The next year the main expedition set out. Its objective was the Hittite stronghold at Kadesh. Following the coastal road through Palestine and Lebanon, the army halted on reaching the south of the land of Amor, perhaps in the neighbourhood of Tripolis. Here Ramses detached a special task force, the duty of which seems to have been to secure the seaport of Simyra and thence to march up the valley of the Eleutherus River Nahr el-Kebir to rejoin the main army at Kadesh.
The main force then resumed its march to the River Orontes, the army being organized in four divisions of chariotry and infantry, each consisting of perhaps 5, men. Crossing the river from east to west at the ford of Shabtuna, about eight miles from Kadesh, the army passed through a wood to emerge on the plain in front of the city.
Two captured Hittite spies gave Ramses the false information that the main Hittite army was at Aleppo, some distance to the north, so that it appeared to the king as if he had only the garrison of Kadesh to deal with. It was not until the army had begun to arrive at the camping site before Kadesh that Ramses learned that the main Hittite army was in fact concealed behind the city.
Ramses at once sent off messengers to hasten the remainder of his forces, but before any further action could be taken, the Hittites struck with a force of 2, chariots, with three men to a chariot as against the Egyptian two.
The leading Egyptian divisions, taken entirely by surprise, broke and fled in disorder, leaving Ramses and his small corps of household chariotry entirely surrounded by the enemy and fighting desperately.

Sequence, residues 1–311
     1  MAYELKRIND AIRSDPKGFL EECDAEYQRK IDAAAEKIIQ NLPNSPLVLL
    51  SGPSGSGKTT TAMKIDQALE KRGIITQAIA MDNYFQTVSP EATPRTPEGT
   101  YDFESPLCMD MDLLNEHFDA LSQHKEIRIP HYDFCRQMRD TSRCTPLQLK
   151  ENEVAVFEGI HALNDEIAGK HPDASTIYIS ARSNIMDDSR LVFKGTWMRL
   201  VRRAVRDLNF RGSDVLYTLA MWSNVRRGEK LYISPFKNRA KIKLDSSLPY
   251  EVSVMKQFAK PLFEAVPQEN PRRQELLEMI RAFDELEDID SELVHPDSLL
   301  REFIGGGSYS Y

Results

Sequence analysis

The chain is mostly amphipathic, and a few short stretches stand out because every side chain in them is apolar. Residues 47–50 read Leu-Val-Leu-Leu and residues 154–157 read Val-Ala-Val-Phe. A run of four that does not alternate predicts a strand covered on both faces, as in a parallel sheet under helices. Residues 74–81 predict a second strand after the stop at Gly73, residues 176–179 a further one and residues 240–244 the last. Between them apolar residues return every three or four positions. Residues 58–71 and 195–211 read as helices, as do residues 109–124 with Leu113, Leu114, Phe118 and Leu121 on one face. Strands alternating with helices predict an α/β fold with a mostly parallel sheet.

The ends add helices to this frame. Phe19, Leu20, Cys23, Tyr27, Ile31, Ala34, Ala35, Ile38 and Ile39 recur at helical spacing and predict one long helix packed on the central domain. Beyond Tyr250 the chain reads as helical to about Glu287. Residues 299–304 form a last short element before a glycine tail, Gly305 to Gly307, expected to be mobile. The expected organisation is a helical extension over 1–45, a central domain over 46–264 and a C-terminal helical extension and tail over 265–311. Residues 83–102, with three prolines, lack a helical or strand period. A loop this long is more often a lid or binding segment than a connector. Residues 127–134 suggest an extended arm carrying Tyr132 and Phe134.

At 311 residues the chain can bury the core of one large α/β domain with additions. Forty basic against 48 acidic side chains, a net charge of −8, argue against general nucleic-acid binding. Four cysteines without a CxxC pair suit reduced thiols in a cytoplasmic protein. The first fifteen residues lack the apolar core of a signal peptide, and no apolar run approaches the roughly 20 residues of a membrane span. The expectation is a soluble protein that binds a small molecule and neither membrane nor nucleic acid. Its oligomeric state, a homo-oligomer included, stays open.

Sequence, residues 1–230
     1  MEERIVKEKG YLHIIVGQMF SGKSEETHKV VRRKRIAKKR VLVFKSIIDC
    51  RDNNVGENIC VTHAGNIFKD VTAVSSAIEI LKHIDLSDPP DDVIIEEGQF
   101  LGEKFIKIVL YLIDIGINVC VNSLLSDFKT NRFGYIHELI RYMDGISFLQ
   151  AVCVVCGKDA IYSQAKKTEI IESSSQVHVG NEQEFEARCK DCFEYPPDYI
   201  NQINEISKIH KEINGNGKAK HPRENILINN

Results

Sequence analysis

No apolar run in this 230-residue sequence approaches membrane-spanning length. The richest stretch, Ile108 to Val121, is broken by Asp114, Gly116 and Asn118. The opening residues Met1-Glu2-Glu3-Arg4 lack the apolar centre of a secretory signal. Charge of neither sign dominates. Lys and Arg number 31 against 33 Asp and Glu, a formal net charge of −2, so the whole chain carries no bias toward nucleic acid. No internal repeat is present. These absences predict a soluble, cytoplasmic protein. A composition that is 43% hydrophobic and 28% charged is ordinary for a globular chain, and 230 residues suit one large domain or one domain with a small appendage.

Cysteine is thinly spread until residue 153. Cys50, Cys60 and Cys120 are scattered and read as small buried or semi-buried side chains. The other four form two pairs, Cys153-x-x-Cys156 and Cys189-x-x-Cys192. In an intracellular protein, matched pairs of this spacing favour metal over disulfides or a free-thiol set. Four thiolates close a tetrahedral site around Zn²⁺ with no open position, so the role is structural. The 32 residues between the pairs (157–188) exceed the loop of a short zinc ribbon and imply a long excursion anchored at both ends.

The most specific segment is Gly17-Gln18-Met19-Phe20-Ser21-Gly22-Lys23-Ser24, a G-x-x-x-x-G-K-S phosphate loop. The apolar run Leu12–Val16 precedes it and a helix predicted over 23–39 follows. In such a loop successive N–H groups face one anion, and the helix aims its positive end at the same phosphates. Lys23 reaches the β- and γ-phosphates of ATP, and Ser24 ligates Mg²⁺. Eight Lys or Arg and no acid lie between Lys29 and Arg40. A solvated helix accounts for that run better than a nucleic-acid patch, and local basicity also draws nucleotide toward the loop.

Fortunately for the king, at the crisis of the battle, the Simyra task force appeared on the scene to make its junction with the main army and thus saved the situation.A: They will receive an email from The Great Courses notifying them of your eGift.
The email will direct them to initiativeblog.com If they are already a customer, they will be able to add the gift to their My Digital Library and mobile apps.
Ramses II the Great (reigned B.C.) Third king of the 19th dynasty of Egypt, whose reign ( BC) was the second longest in Egyptian history.
"The reader is held captive, and, ultimately, seduced." SAN FRANCISCO CHRONICLE Ramses the Great has awakened in Edwardian London. Having drunk the elixir of life, he is now Ramses the Damned, doomed forever to wander the earth, desperate to quell hungers that can never be satisfied.
14 Times "Courage The Cowardly Dog" Left You Deeply Disturbed.
The scars of childhood remain. SITE LAST UPDATED 6/8/ COMPREHENSIVE SITES Includes info on many different topics relating to Ancient Egypt Egypt Guide -- National Geographic - African Studies Center | Egypt Page Ancient Egypt — initiativeblog.com Articles, Video, Pictures and Facts.
Ramesses II / ˈ r æ m ə s iː z, ˈ r æ m s iː z, ˈ r æ m z iː z / (variously also spelt Rameses or Ramses (Ancient Egyptian: rꜥ-ms-sw "Ra is the one who bore him" > Koine Greek: Ῥαμέσσης, translit. Rhaméssēs); born c. BC; died July or August ; reigned –), also known as Ramesses the Great, was the third pharaoh of the Nineteenth Dynasty of Egypt.